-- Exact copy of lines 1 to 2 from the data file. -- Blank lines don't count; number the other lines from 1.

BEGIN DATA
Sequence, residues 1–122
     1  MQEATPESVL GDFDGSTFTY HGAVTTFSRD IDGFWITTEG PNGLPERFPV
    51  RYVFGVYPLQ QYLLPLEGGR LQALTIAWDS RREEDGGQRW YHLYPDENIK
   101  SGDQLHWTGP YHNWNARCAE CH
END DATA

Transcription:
Sequence, residues 1–122
     1  MQEATPESVL GDFDGSTFTY HGAVTTFSRD IDGFWITTEG PNGLPERFPV